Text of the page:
129. 129. © 2016 Kevane Grant Thornton. All rights reserved. Francisco Luis, JD, CPA Tax partner Recent tax legislation affecting multinational organizations
  130. 130. © 2016 Kevane Grant Thornton LLP. All rights reserved. Topics 01 Act 40-2013 02 Circular Letters 03 Act 72-2015 04 Wal-Mart Case 05 Where are we now?
  131. 131. © 2016 Kevane Grant Thornton LLP. All rights reserved. Background – Act 40-2013 • Act 40-2013 was enacted to impose, among others, important limitations to Puerto Rico taxpayers that had transactions with related parties not engaged in a trade or business and not subject to tax in Puerto Rico, as follows: • established certain disallowance of expenses incurred or paid to a related person ; and • added new components to the Alternative Minimum Tax ("AMT") computation.
  132. 132. © 2016 Kevane Grant Thornton LLP. All rights reserved. Non-Deductible Expenses • for ordinary tax purposes, Act 40-2013 established a disallowance of 51% of the expenses incurred with a related party that is not engaged in a trade or business or subject to taxes in Puerto Rico (section 1033.17)
  133. 133. © 2016 Kevane Grant Thornton LLP. All rights reserved. Alternative Minimum Tax • the AMT of a corporation is the excess of, if any, the tentative minimum tax over the regular tax. • important changes: 2011 PR Internal Revenue Code Act 40-2013 AMT Tax Rate 20% 30% Book Income Adjustment 50% 60% NOL Limitation 90% 80%
  134. 134. © 2016 Kevane Grant Thornton LLP. All rights reserved. Alternative Minimum Tax the tentative minimum tax is composed of the greater of: • 30% of the alternative minimum net income, or • the sum of the following two items: 1. 20% of the expenses incurred or paid to related parties and/or the expenses allocated from a home office to a branch located in Puerto Rico, if such payments were not subject to tax in Puerto Rico during the tax year 2. up to 2% on the purchases of tangible personal property from a related person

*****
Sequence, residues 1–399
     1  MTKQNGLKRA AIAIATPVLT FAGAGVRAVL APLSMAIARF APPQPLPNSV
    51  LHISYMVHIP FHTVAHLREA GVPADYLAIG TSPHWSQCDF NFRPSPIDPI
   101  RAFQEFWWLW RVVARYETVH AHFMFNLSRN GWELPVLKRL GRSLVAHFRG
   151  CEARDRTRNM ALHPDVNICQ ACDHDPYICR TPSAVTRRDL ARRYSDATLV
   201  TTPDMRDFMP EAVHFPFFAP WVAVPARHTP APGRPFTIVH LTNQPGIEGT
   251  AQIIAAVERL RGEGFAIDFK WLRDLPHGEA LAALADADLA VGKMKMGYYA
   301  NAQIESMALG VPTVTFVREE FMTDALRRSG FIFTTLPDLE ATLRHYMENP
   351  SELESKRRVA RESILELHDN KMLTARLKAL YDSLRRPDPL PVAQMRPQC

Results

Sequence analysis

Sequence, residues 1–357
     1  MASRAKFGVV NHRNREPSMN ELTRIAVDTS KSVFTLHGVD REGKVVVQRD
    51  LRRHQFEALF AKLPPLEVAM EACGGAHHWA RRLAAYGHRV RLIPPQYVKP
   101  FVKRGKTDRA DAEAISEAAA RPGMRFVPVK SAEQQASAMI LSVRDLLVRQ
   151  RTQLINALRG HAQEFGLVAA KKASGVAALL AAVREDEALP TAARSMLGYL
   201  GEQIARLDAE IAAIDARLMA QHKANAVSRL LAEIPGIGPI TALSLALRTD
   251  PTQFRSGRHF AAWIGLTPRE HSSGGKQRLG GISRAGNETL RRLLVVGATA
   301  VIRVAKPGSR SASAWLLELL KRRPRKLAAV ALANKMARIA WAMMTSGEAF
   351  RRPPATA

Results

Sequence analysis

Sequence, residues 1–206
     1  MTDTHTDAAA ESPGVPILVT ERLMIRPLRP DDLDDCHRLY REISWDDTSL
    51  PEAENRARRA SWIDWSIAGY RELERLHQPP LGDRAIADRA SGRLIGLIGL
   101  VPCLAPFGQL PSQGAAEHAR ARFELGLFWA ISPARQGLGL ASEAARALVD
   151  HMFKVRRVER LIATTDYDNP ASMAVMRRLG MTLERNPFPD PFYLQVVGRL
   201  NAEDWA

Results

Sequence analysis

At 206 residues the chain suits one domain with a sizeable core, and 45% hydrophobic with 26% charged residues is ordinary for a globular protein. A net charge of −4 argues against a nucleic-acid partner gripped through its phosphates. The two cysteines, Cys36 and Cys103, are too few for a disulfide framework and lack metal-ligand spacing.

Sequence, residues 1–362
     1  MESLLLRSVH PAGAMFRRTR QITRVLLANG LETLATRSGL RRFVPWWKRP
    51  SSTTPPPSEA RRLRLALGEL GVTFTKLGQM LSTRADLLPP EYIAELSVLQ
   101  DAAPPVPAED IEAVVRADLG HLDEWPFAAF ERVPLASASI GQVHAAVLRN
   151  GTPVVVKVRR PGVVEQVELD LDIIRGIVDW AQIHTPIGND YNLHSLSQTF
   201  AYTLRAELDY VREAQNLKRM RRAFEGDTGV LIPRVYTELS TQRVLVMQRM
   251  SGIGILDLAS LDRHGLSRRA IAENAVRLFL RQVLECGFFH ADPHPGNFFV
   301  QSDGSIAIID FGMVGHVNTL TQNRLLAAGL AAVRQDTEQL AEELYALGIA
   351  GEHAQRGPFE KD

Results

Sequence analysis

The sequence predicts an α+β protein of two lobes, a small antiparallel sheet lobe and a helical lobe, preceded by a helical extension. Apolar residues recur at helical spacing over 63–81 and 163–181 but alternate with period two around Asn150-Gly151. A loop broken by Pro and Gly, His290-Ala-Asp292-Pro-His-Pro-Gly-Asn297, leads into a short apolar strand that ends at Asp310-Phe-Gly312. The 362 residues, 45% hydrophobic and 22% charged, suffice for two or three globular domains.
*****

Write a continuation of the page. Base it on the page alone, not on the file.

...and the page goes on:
135. 135. © 2016 Kevane Grant Thornton LLP. All rights reserved. Authority to the Secretary of Treasury • Act 40-2013 provided authority to the Secretary of Treasury to approve waivers to exclude expenses subject to the disallowance of 51% and the 20% charge in the AMT. It was also authorized to waive also the AMT on the transfer of personal property – the Secretary was requested to issue guidelines on the procedures to request such waivers
  136. 136. © 2016 Kevane Grant Thornton LLP. All rights reserved. Waiver for expenses • Circular Letter 13-06 was issued providing the procedures to request the exclusion of certain expenses incurred or paid to a related person with regards to: – deduction of said expenses with regards to the 49% limitation imposed for income tax purposes – 20% tax under the AMT calculation • under these sections, the Secretary may grant an exclusion upon assessment of the nature of the expenses or costs paid to related person or office